Care-giver infant interactions.

  • Reciprocity: taking turns as in a conversation (Jaffe et al.)
  • Brazelton: mother anticipates infant signals, basis of attachment
  • Interactional synchony: coordinated behaviour
  • Meltzoff and Moore: 3-day-old babies imitate mothers
  • Piaget: behaviour is pseudo-imitation (operant conditioning)
  • Murray and Trevarthen: infant distress if no response, supports innateness.


  • Testing infant behaviour is difficult as they are in constant motion.
  • Failure to replicate Meltzoff and Moore, e.g, Marian at el. (lived V taped reactions)
  • Intentionality supported- no response to inanimate object (Anravanel and DeYong)
  • Individual differences- security of attachment associated with interactional synchrony
  • 'Like me' hypothesis (Meltzoff)- interactional synchrony leads to theory of mind.
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The development of attachment.

  • Schaffer and Emerson studied 60 glasgow babies and mothers
    • Stage 1: indicriminate attachments
    • Stage 2: beginnings of attachment
    • Stage 3: specific attachment
    • Stage 4: multiple attachments
  • The role of the father- changing social practices: increased exposure might lead to primary attachments.
  • Biological factors- women have hormones which encourage caringness
  • Nevertheless, men are primary attachment figures or share this role (Frank et al.)
  • Secondary attachment- fathers more playful (Geiger); problem-solving (White and Woollett)


  • Unreliable data- mothers of less securely attached infants would be less sensitive and possibly less accurate in their reports, a system bias
  • Biased sample- working-class population from 1960s, results may not generalise
  • Multiple attachments- Rutter argued that all relationships equivalent
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Animal studies: Lorenz.

  • Lorenz:
    • Procedure- goose eggs incubated so first living thing they saw was their natural mother or Lorenz.
    • Findings- goslings imprinted on Lorenz and followed him
    • Critical period- imprinting doesn't happen later
    • Long lasting effects- irreversible and related to mate choice (sexual imprinting)


  • Research support- Guiton et al.
  • Imprinting issues- may not be irreversible and may be little more than just learning.
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Animal studies: Harlow.

  • Harlow:
    • Procedue- wire 'mothers', one cloth covered. Feeding bottle attached to one or other
    • Findings- monkeys spent most time with cloth-covered 'mother', whether or not feeding bottle attached
    • Critial period- attachments must be formed before six months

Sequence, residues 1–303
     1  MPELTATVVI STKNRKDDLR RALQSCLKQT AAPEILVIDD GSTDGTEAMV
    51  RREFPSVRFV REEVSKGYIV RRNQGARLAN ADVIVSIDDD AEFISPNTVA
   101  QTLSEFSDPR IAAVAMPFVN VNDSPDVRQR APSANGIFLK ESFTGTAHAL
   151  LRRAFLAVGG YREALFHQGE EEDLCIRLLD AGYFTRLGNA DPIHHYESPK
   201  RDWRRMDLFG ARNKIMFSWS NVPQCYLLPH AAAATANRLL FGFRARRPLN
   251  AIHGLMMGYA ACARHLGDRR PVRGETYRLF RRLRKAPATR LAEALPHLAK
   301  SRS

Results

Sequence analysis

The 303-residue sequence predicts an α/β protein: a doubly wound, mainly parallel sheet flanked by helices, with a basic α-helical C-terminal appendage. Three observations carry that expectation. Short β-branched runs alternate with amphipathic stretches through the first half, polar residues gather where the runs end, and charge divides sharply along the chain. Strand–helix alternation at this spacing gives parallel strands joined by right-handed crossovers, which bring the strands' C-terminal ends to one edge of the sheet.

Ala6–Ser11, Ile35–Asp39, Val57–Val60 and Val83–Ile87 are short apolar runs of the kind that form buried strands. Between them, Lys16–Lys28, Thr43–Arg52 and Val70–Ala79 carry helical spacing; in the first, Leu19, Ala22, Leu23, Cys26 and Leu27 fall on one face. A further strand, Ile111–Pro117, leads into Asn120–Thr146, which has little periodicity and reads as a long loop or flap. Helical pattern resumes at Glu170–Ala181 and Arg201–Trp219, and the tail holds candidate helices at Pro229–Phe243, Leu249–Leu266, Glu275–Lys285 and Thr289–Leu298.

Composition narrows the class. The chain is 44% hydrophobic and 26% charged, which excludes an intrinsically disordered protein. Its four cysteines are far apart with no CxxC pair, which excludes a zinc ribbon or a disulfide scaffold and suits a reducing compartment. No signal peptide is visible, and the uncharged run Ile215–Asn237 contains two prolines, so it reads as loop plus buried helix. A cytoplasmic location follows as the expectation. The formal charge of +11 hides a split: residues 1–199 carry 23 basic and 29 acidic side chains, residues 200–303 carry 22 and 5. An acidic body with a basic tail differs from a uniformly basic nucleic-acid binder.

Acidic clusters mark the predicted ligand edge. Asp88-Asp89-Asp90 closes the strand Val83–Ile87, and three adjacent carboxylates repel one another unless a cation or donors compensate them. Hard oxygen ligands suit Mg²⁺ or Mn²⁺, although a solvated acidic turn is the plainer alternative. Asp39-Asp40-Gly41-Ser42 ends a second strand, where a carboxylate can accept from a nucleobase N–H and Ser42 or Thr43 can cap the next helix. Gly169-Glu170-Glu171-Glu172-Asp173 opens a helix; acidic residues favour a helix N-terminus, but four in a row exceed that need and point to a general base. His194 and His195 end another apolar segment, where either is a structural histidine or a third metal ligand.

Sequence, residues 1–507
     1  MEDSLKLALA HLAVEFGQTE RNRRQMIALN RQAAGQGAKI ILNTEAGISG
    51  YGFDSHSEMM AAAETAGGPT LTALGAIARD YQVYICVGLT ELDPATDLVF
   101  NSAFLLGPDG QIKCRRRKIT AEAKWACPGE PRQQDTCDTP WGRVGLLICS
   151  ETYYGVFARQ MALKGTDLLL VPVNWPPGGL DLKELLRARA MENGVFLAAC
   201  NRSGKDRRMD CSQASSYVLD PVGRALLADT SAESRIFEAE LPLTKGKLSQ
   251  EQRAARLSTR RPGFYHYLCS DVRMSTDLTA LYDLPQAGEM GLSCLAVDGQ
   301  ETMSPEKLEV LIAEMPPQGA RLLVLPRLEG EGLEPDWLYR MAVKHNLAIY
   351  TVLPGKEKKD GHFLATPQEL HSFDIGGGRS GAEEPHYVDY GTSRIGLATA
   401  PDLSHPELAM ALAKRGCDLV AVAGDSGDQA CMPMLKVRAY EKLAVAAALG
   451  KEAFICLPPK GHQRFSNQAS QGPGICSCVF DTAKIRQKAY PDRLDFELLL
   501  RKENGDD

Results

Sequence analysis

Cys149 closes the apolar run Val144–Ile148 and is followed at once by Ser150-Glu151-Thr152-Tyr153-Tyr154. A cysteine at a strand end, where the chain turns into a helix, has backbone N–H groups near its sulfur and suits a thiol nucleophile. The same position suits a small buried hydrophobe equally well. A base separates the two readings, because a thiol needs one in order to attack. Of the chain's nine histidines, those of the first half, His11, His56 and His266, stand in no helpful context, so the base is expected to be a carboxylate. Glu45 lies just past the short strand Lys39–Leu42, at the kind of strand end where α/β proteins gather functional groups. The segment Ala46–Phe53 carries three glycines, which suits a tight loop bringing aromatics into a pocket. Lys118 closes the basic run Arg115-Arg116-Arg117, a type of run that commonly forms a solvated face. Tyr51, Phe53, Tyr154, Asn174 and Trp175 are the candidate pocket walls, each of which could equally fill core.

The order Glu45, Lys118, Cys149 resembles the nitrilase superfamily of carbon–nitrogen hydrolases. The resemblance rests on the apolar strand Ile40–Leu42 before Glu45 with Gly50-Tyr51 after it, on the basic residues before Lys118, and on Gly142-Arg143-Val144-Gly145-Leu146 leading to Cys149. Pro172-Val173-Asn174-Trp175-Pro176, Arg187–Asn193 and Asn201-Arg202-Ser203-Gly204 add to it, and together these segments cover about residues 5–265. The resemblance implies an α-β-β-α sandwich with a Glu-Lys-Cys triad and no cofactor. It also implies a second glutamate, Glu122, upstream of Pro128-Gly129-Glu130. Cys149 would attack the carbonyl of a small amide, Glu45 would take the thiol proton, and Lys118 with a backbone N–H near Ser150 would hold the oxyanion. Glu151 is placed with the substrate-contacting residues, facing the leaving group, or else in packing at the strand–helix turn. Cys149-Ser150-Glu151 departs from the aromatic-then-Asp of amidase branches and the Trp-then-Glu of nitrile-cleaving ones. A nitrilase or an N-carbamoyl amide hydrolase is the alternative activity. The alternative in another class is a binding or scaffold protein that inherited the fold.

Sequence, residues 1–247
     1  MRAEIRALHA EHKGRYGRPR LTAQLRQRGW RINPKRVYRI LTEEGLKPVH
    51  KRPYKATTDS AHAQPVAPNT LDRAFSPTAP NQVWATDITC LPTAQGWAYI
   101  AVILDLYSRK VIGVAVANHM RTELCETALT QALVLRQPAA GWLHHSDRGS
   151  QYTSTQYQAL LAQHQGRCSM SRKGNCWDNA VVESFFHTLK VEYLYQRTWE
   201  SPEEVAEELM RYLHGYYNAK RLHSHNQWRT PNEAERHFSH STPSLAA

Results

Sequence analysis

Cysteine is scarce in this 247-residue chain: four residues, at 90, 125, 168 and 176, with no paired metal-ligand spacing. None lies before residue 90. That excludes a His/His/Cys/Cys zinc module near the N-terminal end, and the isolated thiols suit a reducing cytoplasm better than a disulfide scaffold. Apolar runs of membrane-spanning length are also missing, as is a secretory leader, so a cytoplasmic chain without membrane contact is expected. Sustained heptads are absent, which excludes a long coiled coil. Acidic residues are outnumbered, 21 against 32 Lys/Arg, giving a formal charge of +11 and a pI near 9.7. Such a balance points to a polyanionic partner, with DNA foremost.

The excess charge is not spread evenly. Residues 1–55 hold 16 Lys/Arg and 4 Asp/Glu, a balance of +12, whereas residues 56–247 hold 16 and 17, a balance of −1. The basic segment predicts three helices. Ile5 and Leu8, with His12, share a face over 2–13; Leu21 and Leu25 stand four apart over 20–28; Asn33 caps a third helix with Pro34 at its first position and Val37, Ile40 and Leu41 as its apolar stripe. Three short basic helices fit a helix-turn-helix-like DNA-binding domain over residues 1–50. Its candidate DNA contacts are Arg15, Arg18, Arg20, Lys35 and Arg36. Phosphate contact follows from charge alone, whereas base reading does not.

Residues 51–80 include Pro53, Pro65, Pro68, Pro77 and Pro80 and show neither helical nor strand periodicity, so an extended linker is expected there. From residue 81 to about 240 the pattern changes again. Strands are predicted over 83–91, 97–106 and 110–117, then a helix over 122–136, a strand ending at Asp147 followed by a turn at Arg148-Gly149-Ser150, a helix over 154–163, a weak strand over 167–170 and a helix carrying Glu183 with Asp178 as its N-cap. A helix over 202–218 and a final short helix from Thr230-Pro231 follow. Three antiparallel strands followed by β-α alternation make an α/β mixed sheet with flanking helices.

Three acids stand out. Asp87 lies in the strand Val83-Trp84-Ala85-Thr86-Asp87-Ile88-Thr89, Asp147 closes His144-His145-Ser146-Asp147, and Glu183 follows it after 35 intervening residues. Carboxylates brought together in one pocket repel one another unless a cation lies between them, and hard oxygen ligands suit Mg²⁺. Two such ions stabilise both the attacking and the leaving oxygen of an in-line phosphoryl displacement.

• Long-lasting effects- all motherless monkeys were abnormal socially and sexually


  • Confounding variable- wire mother faces different, varied systematically with independent variable
  • Generalising to humans may not be justified but findings confirmed, e.g, Schaffer and Emerson
  • Ethics- benefits may outweigh costs, but does not challenge findings
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Explanations of attachment: Learning theory.

  • Learning theory (behaviourism)- all behaviours are learned rather than inherited
  • Classical conditioning- new conditioned response learned through association between a neutral stimulus (mother) and an unconditioned stimulus (food)
  • Operant conditioning- the reduction of discomfort created by hunger is rewarding so food becomes a primary reinforcer, associated with mother who becomes secondary reinforcer
  • Social learning- children model parents' attachment behaviours (Hay and Vespo)


  • Animal studies- lack external validity because simplified view of human attachment
  • Attachment is not based on food- Harlow showed it was comfort; supported by Schaffer and Emerson
  • Learning theory can explain some aspects of attachment- attention and responsiveness are rewards
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Explanations of attachment: Bowlby's monotropic th

  • Bowlby's attachment theory (1969): critical period- attachments form around 3-6 months, afterwards this becomes increaingly difficult
  • Primary attachment figure- determined by caregiver sensitivity (Ainsworth)
  • Social releasers elicit caregiving and ensure attachment from parent to infant
  • Monotropy- primary attachment has special emotional role, secondary attachments provide safety net
  • Inernal working model- acts as template for future relationships, creating continuity (continuity hypothesis)


  • Attachment is adaptive
  • A sensitive period rather than a critical one (Rutter et al.)
  • Multiple attachments- Bowlby's views are not contradictory because secondary attachments contribute to one single internal working model
  • Continuity hypothesis (Sroufe et al.)